Since the Carolina Panthers last went to the Big Game …
On February 1, 2004, the Carolina Panthers met New England in the 38th “Big Game” in Houston, Texas. The announcers were Greg Gumbel, Phil Simms,Armen Keteyian and Bonnie Bernstein. John Fox was head coach of the team. The Panthers lost the match-up 32–29.
Finally, with another chance for redemption, the Panthers will head to San Francisco for a match-up with Denver on February 7, 2016. This year (the 5oth anniversary of this annual event), Jim Nantz and Phil Simms will call the game, along with Tracy Wolfson and Evan Washburn reporting. Ron Rivera is head coach, recently named 2015 Coach of the Year by the Professional Football Writers of America (PFWA).
With 12 years and lots of personnel changes between appearances in the Big Game, it made us wonder: How much have things in the Carolinas changed?
Between 2000 and 2010, North Carolina gained almost 1.5 million residents to reach a total population of nearly 9.5 million in 2014. During this period, North Carolina was the sixth fastest growing state in the nation with a growth rate of 18 percent – nearly double the national rate of 9.7 percent.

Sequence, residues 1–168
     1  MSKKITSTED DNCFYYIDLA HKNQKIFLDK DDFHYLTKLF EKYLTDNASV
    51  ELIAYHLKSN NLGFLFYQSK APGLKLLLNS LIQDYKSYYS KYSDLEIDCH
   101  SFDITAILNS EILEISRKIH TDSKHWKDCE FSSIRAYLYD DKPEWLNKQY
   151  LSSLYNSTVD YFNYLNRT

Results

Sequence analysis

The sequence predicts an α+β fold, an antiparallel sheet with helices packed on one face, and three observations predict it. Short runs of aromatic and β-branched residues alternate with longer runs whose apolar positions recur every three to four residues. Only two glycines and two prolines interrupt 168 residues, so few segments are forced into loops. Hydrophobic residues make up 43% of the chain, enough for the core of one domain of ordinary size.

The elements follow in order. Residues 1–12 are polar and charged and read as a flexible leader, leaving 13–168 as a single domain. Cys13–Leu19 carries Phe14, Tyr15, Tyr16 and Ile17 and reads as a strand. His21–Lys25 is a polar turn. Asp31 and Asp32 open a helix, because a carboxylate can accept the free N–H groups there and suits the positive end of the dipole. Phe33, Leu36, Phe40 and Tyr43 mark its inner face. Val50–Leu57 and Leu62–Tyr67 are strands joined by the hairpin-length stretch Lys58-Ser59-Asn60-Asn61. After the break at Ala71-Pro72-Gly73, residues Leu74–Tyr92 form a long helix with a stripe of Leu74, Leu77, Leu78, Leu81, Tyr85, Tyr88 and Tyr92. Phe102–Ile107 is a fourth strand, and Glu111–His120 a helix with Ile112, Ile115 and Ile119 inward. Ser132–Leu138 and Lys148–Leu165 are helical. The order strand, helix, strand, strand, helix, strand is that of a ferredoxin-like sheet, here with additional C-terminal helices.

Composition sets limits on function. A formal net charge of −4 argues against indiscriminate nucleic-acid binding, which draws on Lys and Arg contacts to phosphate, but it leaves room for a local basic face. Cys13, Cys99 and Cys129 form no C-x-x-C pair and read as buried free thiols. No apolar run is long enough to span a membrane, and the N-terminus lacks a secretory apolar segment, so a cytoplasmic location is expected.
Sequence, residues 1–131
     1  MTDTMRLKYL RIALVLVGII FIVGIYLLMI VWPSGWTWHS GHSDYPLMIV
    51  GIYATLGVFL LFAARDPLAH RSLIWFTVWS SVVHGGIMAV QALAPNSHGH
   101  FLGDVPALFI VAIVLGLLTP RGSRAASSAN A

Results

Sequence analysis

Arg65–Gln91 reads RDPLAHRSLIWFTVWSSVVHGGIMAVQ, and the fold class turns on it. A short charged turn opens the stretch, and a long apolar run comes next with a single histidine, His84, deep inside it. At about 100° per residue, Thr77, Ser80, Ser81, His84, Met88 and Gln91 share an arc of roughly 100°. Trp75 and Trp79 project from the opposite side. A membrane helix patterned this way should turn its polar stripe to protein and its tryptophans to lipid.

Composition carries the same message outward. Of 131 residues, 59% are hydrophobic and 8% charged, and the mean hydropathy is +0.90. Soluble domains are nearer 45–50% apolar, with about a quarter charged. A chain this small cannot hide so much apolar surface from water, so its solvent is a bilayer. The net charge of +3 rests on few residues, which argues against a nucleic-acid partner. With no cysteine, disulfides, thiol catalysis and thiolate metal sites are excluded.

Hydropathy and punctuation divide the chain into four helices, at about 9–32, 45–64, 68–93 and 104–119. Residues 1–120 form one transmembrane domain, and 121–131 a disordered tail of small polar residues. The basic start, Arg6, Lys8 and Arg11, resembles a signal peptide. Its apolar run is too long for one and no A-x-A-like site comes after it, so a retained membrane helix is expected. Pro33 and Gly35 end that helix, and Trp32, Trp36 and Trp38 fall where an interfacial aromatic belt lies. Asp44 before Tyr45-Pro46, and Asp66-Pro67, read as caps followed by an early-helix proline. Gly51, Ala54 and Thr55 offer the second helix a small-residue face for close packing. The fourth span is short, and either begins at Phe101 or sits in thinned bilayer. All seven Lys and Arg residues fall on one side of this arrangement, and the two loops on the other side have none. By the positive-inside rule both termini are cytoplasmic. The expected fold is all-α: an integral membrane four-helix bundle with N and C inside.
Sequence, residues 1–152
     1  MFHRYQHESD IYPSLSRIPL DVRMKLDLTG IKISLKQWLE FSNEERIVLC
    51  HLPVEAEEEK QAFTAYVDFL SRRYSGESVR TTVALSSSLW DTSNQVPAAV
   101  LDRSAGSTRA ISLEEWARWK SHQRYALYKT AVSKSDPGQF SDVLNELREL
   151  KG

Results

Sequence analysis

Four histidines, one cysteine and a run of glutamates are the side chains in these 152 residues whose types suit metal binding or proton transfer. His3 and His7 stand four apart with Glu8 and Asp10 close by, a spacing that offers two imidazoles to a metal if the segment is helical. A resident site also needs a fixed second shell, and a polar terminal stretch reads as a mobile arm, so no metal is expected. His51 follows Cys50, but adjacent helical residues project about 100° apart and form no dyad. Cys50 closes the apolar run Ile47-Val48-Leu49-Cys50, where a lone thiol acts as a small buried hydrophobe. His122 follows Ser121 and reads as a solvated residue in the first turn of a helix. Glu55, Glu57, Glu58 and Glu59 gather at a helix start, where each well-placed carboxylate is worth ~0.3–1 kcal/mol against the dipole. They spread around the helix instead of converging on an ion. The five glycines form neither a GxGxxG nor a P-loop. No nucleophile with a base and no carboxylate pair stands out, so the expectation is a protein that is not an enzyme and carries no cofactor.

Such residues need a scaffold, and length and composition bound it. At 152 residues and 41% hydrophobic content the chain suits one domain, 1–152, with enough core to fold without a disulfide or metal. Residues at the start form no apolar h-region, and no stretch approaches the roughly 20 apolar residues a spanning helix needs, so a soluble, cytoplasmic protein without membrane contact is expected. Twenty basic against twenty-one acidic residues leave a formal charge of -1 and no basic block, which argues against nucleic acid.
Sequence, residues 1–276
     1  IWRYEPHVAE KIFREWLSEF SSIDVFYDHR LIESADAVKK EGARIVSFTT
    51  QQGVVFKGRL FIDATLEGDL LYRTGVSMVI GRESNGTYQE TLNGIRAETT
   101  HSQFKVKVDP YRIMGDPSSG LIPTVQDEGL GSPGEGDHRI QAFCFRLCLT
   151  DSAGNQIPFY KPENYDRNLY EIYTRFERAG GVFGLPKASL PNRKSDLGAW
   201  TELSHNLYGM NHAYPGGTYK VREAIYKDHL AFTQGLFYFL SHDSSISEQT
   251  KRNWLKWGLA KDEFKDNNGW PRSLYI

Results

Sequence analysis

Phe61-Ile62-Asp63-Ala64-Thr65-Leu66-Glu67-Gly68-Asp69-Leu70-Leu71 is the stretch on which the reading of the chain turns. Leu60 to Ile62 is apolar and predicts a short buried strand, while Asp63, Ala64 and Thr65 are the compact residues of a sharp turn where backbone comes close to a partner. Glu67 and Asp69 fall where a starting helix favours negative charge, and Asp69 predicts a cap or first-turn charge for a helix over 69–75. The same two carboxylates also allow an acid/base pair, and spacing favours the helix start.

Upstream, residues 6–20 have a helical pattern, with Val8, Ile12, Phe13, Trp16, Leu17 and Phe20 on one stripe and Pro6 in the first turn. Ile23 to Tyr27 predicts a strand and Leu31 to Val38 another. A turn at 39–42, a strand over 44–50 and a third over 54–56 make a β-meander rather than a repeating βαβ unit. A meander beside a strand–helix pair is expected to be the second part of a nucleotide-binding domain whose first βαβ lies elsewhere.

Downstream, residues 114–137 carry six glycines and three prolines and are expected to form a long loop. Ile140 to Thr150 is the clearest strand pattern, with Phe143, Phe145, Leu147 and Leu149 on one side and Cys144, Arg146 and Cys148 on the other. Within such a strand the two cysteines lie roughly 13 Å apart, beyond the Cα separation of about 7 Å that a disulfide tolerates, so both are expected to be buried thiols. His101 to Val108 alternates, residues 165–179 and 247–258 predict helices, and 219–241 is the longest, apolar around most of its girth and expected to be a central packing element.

In the last two decades, Upstate South Carolina has added more than 300,000 new residents for a population total of 1,409,582 in 2014.
The home of the Panthers opened in 1996 as Ericsson Stadium after the Swedish telecommunications company LM Ericsson purchased the naming rights to the stadium in a 10-year, $25 million agreement. In 2004, the stadium received its current name after Bank of America purchased the naming rights for 20 years.
A renovation project during the 2014 offseason incorporated state-of-the-art technology into the fan experience at Bank of America Stadium. Additions included four escalator bays to convey fans to the upper levels, high-definition video boards above each end zone, vibrant ribbon boards encircling the entire bowl at the club and upper levels (where you’ve seen Allen Tate messaging), and a high-efficiency, high-octave distributed sound system throughout the bowl.
The second phase focused on completely redoing the facility’s 153 suites, which now feature three rows of seating, fully retractable windows, radiant heat and more televisions. Upgrades were also made to the distributed antenna system to improve cellular service throughout the stadium. The stadium now seats 75,412 screaming fans.
Other changes in sports in the Carolinas
In 2004, the Charlotte Hornets left for New Orleans and the NBA granted an expansion team to Charlotte – the Bobcats. In 2014, the NBA franchise announced it was officially changing its name back to the Hornets.
In other hoops news, the University of North Carolina at Chapel Hill men’s basketball team became the NCAA champions in 2005 and 2009. Duke University’s men’s basketball teams did the same in 2010 and 2015.